Reviews written by registered user
The_Dead_See

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128 reviews in total 
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Thirst (2015/III)
I see what they were going for, but they didn't pull it off, 24 April 2017
4/10

Thirst started out kind of fun. By the 30 minute mark we had a nicely established cast of characters (if a little cookie cutter), in a plausible wilderness scenario and I was enjoying myself ready for them to get picked off one by one by the creature.

The creature itself was satisfying enough. The sfx, while not great, were passable, and the centaur/biomechanical alien design was unique. They showed it a bit too much imo, when they could have hidden some of the dodgier cgi moments with cleverer direction, but overall the beast was well done.

Unless I'm very much mistaken, the director and writer were going for a fun, 80s style horror in the vein of Tremors or The Blob remake. Props for that, because in these days of convoluted plots, a simple people vs monster story is always welcome.

However, after the first act, the film falls apart quickly. The characters become increasingly unlikeable as the movie progresses due to really dumb choices and forced bickering. The director makes the poor decision of killing off the most likable and interesting character first, and so the one guy who might have carried the movie is quickly lost.

Thirst also suffers from the same problem many indies face - ill fitting music. The score might be fine as a standalone composition but it really just doesn't fit with what's going on on screen. It's tension building when it should be exciting, exciting when it should be tension building, ominous when it should be sad... it's almost like the composer was flying blind and trying to score without actually seeing the film. This along with some lackluster directing really kills any sense of fun, atmosphere or excitement that the movie could have had. Shame, because I usually love these kinds of films. 4/10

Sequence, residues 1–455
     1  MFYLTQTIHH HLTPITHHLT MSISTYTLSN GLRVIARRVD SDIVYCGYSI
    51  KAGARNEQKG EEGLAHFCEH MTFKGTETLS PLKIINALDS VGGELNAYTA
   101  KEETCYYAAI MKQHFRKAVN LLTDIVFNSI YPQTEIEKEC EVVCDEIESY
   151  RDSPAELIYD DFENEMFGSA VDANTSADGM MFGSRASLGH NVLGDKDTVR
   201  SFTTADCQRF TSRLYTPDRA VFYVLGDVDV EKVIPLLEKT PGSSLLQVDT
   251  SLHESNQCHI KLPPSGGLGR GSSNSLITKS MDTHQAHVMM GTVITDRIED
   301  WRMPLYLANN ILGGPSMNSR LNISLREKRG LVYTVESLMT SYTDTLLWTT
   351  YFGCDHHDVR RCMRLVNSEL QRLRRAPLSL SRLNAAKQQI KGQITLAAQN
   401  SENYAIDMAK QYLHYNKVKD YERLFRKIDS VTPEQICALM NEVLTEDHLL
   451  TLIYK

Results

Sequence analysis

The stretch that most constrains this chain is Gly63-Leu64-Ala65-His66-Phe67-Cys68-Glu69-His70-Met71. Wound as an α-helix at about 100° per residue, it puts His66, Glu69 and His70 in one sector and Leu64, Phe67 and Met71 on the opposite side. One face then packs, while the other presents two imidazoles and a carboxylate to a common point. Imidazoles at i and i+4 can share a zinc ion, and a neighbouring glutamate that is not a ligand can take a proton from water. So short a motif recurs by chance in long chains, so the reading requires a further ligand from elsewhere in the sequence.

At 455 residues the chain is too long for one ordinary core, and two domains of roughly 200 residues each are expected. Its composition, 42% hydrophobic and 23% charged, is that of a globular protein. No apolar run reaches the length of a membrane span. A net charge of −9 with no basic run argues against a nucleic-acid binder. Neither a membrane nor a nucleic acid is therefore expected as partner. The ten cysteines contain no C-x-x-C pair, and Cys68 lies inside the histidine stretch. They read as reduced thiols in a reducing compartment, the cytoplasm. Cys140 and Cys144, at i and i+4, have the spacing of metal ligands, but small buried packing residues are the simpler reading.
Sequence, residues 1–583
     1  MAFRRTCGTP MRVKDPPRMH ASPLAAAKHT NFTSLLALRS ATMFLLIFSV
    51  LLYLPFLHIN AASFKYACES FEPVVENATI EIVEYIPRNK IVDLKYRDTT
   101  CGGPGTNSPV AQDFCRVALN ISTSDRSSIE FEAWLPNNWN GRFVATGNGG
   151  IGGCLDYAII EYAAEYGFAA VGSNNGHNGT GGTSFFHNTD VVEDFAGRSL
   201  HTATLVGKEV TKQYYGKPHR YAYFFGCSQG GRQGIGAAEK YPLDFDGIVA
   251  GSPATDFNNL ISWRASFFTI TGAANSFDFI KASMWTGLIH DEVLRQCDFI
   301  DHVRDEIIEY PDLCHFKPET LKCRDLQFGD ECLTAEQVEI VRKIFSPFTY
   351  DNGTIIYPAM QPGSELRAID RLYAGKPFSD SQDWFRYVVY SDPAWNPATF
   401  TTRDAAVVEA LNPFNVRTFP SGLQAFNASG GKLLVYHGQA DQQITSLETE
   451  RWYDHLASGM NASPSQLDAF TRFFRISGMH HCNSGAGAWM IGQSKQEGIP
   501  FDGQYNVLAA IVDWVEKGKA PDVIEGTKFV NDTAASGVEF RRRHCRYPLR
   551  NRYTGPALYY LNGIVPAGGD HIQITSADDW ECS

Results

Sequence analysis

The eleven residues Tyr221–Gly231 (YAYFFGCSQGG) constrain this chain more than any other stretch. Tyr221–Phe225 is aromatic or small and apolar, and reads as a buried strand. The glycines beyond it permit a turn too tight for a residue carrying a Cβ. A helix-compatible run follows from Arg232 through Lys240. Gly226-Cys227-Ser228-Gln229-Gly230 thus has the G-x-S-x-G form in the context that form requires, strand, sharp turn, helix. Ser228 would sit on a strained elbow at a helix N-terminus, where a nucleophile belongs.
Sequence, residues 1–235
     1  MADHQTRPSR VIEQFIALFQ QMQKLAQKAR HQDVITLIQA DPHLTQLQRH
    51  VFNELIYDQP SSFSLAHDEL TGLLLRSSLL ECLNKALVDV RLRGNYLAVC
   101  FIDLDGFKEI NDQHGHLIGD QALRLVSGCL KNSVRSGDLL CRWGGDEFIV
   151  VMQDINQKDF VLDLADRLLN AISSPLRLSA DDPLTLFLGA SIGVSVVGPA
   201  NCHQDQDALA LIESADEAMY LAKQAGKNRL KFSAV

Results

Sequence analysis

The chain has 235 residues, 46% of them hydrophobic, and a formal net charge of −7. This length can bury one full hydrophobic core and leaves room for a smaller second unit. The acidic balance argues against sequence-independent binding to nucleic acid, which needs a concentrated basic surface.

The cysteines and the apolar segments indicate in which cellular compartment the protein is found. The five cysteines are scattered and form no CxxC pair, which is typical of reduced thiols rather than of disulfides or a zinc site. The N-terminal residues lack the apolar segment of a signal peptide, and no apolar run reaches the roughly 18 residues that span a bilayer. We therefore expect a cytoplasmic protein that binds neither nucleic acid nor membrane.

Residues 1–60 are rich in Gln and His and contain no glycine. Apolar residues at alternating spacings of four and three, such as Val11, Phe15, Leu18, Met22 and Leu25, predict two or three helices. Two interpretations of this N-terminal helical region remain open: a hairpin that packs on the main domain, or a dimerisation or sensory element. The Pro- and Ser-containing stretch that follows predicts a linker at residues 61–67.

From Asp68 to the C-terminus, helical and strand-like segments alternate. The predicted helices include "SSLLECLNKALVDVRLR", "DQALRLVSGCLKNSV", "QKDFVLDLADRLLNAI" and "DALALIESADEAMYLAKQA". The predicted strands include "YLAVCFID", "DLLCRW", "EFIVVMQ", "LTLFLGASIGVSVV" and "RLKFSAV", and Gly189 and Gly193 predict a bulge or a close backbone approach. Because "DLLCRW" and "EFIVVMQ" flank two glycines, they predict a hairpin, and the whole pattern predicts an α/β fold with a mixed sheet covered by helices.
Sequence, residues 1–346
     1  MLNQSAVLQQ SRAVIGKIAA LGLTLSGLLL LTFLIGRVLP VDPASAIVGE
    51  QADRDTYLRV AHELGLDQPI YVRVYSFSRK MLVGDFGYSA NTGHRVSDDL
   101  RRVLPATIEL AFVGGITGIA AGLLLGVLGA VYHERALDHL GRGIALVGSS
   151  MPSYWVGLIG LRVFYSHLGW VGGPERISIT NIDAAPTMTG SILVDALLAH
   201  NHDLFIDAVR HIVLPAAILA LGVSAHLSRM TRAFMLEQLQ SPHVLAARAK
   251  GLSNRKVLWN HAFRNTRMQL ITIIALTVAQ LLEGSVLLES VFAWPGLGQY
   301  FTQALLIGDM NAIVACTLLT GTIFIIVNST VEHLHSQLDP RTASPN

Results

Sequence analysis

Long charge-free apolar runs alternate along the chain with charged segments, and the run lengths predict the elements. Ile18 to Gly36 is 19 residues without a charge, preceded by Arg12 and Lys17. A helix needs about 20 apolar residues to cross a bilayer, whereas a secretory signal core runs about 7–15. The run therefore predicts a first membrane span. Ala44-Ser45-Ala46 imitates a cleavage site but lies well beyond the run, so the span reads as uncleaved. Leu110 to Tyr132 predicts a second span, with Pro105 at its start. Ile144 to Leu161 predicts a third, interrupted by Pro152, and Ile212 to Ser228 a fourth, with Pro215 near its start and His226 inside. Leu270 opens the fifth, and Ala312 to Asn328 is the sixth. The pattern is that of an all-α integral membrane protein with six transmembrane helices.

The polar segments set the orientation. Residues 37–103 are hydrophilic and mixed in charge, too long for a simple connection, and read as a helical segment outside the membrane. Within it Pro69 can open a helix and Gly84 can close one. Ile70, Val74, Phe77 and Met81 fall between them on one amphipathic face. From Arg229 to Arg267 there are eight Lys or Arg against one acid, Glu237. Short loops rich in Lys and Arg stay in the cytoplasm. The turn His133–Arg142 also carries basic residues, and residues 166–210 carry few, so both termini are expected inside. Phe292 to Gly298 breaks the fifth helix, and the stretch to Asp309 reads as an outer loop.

Thirst (2015/III)
I see what they were going for, but they didn't pull it off, 24 April 2017
4/10

Thirst started out kind of fun. By the 30 minute mark we had a nicely established cast of characters (if a little cookie cutter), in a plausible wilderness scenario and I was enjoying myself ready for them to get picked off one by one by the creature.

The creature itself was satisfying enough. The sfx, while not great, were passable, and the centaur/biomechanical alien design was unique. They showed it a bit too much imo, when they could have hidden some of the dodgier cgi moments with cleverer direction, but overall the beast was well done.

Unless I'm very much mistaken, the director and writer were going for a fun, 80s style horror in the vein of Tremors or The Blob remake. Props for that, because in these days of convoluted plots, a simple people vs monster story is always welcome.